UK PayPal encryption service launched


PayPal launches cryptocurrency service in UK

Pay Pal

London – PayPal launches cryptocurrency service in UK

A major US online payments company said on Monday that UK customers will be able to buy and sell digital currencies starting this week.

This is the first international extension of PayPal’s crypto product, which was first launched in the United States last October.

“It works very well in the United States,” Jose Fernandez Daponte, general manager of blockchain, crypto and digital currencies at PayPal, told CNBC. “I hope it will work in the UK”

PayPal’s encryption allows customers to buy and sell Bitcoin, Bitcoin Cash, Ethereum, or Litecoin for just £ 1. Users can also track crypto prices in real time and find educational content in the market.

Like the US version of the product, PayPal relies on Paxos, a regulated cryptocurrency company in New York City, to enable the buying and selling of cryptocurrencies in the UK. PayPal said it launched the service in collaboration with relevant UK regulators.

A spokesperson for the Financial Conduct Authority, a UK financial services supervisory body, could not immediately comment on the announcement.

Expansion of recruitment

PayPal’s encryption service is similar to that of UK fintech company Revolut. As with Revolut, PayPal users cannot move their cryptocurrencies out of the app. Revolut recently started testing the ability for users to withdraw Bitcoin to their personal wallet.

PayPal claims that seizing cryptocurrencies makes it easier for people to enter the market. “Tokens and coins have been around for a while, but we had to be relatively sophisticated users to access them,” Da Ponte said. “Having it on a platform like ours is a very good entry point. “

Payment processors are one of the many leading financial companies making the leap into the largely unregulated world of cryptocurrencies. Despite lingering concerns about price volatility, consumer protection, and potential money laundering in the industry, large companies like Mastercard, Tesla, and Facebook have recently been excited about cryptocurrencies.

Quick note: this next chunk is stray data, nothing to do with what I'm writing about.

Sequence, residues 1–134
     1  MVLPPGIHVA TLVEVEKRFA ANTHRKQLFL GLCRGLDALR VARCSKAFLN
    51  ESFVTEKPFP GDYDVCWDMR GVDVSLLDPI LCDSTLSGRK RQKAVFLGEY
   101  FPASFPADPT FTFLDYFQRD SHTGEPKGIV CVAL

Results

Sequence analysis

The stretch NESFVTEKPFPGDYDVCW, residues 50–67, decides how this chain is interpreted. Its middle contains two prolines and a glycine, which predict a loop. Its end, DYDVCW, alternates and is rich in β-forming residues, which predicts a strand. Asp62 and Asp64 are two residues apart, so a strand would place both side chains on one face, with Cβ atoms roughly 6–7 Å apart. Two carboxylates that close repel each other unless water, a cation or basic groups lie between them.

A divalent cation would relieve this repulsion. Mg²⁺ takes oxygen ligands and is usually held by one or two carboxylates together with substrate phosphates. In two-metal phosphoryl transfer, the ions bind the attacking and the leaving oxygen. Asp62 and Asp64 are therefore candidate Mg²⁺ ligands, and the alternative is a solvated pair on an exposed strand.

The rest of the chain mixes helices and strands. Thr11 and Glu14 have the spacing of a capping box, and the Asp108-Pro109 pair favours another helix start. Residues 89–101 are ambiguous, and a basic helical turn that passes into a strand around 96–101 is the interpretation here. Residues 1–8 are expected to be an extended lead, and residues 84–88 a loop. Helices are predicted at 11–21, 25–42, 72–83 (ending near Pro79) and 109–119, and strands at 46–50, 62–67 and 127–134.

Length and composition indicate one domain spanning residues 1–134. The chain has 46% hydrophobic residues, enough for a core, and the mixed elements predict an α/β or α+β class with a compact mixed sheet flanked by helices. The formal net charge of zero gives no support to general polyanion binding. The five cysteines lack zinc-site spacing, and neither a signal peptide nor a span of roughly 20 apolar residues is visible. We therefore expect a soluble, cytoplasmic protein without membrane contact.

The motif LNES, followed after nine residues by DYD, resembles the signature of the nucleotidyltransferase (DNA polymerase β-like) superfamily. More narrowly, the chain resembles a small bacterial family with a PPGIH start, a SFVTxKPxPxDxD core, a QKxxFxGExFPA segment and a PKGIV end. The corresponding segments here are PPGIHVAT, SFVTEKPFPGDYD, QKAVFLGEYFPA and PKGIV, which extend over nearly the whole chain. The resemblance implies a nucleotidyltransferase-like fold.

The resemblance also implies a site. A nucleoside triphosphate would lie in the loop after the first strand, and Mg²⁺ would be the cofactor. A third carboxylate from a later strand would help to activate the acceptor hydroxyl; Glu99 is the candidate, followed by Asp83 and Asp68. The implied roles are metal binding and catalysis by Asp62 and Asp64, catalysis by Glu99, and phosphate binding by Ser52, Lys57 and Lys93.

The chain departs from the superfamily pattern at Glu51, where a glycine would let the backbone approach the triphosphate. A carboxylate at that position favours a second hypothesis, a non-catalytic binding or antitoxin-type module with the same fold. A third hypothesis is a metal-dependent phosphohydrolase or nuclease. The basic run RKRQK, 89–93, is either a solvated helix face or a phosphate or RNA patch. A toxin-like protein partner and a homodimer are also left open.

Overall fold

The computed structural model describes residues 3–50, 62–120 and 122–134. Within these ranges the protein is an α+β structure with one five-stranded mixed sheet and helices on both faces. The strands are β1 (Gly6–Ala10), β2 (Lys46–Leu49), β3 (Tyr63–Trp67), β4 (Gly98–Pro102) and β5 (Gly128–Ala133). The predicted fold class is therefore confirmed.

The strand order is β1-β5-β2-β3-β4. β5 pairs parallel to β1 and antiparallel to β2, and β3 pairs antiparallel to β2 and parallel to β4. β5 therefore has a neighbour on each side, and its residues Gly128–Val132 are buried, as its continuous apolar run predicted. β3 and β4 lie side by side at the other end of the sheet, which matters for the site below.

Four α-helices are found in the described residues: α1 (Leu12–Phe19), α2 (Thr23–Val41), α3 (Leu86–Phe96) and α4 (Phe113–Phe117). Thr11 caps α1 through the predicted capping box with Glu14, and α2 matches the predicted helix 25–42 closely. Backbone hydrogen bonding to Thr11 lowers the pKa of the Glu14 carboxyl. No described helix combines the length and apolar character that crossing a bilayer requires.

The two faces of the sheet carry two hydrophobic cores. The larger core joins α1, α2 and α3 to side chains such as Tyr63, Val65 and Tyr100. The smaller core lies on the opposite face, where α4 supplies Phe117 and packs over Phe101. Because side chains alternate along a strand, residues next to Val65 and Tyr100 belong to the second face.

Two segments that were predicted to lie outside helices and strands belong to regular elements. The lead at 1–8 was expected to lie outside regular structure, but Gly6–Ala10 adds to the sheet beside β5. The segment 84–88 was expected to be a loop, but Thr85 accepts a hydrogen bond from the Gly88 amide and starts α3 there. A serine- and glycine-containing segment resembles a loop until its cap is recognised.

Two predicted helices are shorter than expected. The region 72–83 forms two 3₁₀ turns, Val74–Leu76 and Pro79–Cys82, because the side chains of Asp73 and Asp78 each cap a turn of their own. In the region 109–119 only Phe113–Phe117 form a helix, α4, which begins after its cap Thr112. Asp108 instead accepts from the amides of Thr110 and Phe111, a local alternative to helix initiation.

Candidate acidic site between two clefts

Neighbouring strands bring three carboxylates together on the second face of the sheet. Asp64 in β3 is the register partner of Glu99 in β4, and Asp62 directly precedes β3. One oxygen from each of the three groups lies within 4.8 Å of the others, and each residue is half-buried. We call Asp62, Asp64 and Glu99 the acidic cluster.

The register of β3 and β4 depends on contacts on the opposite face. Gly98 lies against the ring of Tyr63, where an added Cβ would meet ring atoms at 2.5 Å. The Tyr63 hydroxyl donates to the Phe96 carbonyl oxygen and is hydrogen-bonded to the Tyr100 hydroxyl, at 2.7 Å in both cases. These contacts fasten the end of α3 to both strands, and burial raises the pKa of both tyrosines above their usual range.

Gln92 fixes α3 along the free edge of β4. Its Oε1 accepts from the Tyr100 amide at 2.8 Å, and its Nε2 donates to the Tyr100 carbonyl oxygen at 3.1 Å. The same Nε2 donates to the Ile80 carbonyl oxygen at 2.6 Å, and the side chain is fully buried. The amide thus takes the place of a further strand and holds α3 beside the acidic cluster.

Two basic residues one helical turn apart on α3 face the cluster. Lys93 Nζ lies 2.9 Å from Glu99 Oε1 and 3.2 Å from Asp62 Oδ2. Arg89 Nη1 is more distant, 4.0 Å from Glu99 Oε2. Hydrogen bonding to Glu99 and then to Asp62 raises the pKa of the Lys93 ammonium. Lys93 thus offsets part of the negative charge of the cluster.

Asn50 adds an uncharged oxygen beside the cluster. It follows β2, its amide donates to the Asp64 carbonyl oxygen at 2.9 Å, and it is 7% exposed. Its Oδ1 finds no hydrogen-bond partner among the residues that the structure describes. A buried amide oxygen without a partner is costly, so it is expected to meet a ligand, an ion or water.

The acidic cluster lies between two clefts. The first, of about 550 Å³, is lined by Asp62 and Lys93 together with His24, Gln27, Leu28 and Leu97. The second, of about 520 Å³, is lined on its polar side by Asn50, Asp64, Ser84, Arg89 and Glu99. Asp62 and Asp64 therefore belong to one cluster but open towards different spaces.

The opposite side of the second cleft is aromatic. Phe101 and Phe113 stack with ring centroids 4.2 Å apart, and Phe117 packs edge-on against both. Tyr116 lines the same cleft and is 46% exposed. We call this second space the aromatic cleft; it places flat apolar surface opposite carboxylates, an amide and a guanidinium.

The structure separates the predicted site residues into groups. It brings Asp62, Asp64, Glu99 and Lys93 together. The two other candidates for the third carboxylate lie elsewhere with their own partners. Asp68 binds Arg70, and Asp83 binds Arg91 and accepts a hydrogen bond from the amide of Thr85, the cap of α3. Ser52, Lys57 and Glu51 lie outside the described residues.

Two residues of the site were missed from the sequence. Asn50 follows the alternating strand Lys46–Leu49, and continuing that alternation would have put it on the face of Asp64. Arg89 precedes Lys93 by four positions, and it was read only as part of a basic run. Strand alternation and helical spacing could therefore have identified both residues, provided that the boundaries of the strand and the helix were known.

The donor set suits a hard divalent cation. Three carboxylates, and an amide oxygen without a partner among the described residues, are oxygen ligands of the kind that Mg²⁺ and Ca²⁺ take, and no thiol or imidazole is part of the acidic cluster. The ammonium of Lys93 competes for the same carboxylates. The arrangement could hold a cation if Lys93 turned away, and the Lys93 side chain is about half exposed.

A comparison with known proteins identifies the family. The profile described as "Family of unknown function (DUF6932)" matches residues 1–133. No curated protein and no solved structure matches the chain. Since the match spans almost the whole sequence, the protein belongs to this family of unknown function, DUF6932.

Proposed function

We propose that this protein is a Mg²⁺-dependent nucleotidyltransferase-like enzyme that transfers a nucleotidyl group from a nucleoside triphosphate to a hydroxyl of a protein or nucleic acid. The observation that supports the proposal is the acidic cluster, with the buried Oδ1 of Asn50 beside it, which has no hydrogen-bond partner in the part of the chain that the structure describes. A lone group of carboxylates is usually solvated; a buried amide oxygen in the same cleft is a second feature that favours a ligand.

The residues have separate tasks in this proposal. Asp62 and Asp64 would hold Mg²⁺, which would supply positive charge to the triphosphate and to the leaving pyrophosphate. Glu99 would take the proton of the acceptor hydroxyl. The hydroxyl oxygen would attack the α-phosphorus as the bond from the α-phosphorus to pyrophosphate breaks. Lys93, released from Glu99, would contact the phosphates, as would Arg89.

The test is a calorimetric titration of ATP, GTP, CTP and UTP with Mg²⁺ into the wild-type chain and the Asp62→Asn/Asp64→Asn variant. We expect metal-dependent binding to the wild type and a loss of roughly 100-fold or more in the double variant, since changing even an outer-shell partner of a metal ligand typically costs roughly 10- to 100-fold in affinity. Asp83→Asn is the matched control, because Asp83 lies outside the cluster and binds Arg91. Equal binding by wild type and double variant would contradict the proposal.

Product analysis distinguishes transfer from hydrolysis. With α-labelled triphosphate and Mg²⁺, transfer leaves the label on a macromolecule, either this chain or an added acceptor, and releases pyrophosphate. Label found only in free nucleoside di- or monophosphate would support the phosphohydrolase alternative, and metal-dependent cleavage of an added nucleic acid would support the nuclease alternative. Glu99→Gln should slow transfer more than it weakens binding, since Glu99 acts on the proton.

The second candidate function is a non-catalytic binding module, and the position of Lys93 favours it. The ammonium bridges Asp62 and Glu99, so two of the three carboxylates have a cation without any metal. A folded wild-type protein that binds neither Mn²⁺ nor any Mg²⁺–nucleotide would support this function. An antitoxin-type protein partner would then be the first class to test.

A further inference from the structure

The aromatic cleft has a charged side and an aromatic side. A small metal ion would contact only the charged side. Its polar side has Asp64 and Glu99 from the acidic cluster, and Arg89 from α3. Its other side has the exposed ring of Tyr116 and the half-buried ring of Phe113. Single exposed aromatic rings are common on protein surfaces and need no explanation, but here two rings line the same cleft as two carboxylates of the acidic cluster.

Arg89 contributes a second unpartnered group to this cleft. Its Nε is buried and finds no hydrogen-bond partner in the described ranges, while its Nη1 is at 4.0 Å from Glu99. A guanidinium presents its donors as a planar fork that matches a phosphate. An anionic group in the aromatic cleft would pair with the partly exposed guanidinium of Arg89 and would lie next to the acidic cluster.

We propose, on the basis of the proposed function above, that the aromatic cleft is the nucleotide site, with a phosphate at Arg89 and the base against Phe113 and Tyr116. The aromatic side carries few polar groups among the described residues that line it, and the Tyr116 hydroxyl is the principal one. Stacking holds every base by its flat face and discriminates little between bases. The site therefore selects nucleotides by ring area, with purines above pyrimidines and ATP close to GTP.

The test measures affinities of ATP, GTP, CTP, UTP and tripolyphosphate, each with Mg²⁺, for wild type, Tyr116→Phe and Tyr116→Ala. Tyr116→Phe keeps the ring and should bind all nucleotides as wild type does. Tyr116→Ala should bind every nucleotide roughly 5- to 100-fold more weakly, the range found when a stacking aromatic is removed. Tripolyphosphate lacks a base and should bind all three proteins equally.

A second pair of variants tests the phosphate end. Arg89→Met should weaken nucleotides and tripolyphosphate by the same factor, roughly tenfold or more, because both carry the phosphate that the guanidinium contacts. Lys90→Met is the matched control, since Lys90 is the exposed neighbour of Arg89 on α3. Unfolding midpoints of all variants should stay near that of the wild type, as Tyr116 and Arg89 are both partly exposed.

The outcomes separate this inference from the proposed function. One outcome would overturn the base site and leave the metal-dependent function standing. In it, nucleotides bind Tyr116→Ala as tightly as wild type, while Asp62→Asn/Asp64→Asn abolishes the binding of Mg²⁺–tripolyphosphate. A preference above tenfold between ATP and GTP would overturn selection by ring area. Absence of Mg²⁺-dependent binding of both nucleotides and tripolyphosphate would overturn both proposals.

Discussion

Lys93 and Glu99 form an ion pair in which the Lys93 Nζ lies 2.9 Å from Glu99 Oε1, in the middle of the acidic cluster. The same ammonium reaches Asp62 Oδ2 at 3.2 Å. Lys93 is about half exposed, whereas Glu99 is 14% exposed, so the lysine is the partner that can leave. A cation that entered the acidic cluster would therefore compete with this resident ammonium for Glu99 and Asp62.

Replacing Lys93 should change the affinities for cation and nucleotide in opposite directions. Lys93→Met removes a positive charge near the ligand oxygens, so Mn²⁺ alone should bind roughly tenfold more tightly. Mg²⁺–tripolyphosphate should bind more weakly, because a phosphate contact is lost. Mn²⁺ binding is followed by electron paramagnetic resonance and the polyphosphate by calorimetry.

Bitcoin, the world’s largest digital currency, hit a record high of nearly $ 65,000 in April before falling below $ 30,000 in July as Chinese regulators cracked down on the market. It has since recovered to a price of $ 48,400.

PayPal started with crypto trading, but the company is confident that digital currencies will play a bigger role in e-commerce in the long run. Earlier this year, PayPal began allowing U.S. consumers to use crypto to pay millions of online merchants around the world. The company has also extended the buying and selling of crypto to its popular mobile wallet, Venmo.

“We definitely have ambition to continue expanding our product line in the US, UK and other markets,” said Da Ponte.

“We are very careful starting with the first feature and then we look at where the market takes us. Different markets have different desires for the products.

“British coin”

The launch of PayPal’s crypto services in the UK will also come as regulators become increasingly wary of the rise of digital currencies. In June, the FCA banned the UK subsidiary of Binance, the world’s largest cryptocurrency exchange, for failing to meet money laundering requirements.

“It makes sense that regulators are paying more attention to this area as consumer interest and transaction volumes increase,” Da Ponte said, and PayPal is establishing a “strong regulatory relationship”. I added that I did.

Meanwhile, as the use of cash in many developed countries declines rapidly, central banks are exploring the possibility of issuing their own digital currencies. In April, HM Treasury and the Bank of England announced that the British press would assess the potential launch of a digital version of the British pound called “Britcoin”.

Da Ponte said the central bank’s digital currency (CBDC) is a “good prospect,” but said policymakers will take time to address the main issues involved.

Leave A Reply

Your email address will not be published.